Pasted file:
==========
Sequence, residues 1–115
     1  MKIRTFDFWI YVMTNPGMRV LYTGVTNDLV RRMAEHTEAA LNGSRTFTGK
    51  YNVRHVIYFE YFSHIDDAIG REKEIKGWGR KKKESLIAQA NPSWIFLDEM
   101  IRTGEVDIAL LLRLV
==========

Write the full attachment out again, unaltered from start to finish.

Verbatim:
Sequence, residues 1–115
     1  MKIRTFDFWI YVMTNPGMRV LYTGVTNDLV RRMAEHTEAA LNGSRTFTGK
    51  YNVRHVIYFE YFSHIDDAIG REKEIKGWGR KKKESLIAQA NPSWIFLDEM
   101  IRTGEVDIAL LLRLV